How much should you weigh? We have been attempting to answer that question through several posts recently, looking at the failures of bathroom scales, body mass index, and body fat percentage. None of these tools can give me a number that says, “This is what you ought to weigh.” Of course, we got into this problem because the Bible is annoyingly silent on the issue.
I’d like to suggest one more less-than-helpful source for an ideal body weight: friends. The problem with friends is that they don’t necessarily see you in the way that you need to be seen. Some of them may have been duped by the pseudo-science of BMI or the unhelpful but legitimate science of body fat percentage. Some are just plain wrong. They might even be right, but how would you know? After all, if a friend has some magical tool to divine the proper weight for you, shouldn’t you cut out the middle man and employ that tool yourself?
About six months into my weight-loss effort, a very good friend of mine, someone who I know had my best interests at heart, solemnly told me, “No more. You’re looking gaunt.” At that moment said that, I weighed about 192. Eventually I’d get down around 183 for a solid six months, and during that six months, I felt great.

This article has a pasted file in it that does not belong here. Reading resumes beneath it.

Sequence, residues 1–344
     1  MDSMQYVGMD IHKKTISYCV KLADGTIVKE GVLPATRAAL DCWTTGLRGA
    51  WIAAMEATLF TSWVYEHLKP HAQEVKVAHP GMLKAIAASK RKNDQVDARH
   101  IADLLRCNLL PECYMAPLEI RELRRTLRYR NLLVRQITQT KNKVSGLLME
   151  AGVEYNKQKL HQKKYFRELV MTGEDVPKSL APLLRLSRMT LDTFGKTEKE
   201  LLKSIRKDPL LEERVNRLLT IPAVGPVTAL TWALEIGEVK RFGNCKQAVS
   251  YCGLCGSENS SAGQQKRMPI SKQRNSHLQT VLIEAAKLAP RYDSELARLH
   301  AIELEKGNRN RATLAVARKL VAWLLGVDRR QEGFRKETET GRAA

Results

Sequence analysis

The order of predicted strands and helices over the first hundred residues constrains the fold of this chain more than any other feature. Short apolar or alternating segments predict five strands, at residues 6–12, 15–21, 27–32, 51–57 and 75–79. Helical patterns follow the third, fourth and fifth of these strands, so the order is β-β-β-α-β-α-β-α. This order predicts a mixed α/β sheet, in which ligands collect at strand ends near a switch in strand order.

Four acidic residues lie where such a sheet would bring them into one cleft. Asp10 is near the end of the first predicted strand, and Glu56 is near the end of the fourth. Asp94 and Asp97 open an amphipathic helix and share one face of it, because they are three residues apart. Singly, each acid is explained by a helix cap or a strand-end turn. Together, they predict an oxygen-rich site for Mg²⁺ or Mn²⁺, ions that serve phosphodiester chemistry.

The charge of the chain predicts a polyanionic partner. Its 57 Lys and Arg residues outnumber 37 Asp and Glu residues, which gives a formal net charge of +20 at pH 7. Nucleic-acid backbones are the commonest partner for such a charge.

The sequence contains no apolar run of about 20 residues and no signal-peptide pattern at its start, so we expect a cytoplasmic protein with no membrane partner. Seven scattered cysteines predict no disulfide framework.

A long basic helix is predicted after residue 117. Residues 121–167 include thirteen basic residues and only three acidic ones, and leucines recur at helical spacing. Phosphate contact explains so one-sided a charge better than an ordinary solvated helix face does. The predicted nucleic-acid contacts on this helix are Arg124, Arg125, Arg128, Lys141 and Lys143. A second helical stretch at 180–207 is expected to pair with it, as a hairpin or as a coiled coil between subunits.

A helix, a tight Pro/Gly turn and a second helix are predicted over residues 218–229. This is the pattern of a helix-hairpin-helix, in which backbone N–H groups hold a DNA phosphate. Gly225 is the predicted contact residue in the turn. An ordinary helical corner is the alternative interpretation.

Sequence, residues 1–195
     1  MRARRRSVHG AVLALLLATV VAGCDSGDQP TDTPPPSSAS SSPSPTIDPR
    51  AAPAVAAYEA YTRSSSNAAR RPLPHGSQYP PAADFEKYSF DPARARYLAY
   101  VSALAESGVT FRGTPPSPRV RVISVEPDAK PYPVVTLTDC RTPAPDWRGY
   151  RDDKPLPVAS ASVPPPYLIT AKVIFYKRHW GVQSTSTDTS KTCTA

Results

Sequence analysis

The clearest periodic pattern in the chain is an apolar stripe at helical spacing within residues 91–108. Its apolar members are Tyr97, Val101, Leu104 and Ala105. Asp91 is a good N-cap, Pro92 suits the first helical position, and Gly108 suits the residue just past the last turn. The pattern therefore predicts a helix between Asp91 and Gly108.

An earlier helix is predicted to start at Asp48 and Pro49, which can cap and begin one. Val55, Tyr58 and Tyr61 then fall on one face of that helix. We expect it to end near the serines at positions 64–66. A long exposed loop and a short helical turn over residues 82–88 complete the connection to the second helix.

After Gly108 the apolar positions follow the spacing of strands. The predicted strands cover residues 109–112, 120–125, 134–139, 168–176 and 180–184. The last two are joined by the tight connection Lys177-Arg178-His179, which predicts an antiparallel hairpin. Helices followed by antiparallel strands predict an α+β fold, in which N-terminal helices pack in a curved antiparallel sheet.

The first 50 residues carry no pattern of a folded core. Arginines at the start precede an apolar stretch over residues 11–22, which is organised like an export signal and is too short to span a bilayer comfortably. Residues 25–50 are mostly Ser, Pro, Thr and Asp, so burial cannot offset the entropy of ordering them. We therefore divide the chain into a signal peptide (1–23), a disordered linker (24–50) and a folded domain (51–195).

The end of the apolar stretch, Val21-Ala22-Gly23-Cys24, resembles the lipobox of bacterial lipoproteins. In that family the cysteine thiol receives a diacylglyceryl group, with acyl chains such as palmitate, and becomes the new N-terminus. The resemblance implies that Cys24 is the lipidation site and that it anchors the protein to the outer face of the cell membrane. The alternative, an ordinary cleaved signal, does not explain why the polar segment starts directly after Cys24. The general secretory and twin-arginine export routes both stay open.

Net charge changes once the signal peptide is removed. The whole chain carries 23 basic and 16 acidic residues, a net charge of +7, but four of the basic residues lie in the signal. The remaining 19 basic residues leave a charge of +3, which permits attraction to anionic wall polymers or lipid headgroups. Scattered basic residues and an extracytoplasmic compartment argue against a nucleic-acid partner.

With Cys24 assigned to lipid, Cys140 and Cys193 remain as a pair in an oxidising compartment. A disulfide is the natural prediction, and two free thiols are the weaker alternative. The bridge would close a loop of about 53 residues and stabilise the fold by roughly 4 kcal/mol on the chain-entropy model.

Another friend, might push you to lose more weight. Unfortunately, the one most likely to suggest that you keep peeling off the pounds will often be the romantic partner. “You’ve lost 25 pounds. That’s a great start,” he or she might say. As a husband, I have to look at my wife and recognize that she should weigh her weight and not some fairy-tale weight that I imagine.
Of course, I am not ignoring the fact that a friend or spouse can help me to avoid becoming complacent at too high a weight or obsessively pushing to a too-low number. Friends can push us to see things about our own bodies that we might otherwise pass over. Still, your friend is not the best source for deciding what that ideal weight might be.
Surely there’s a better way. Perhaps there is, but it’ll have to wait for another time.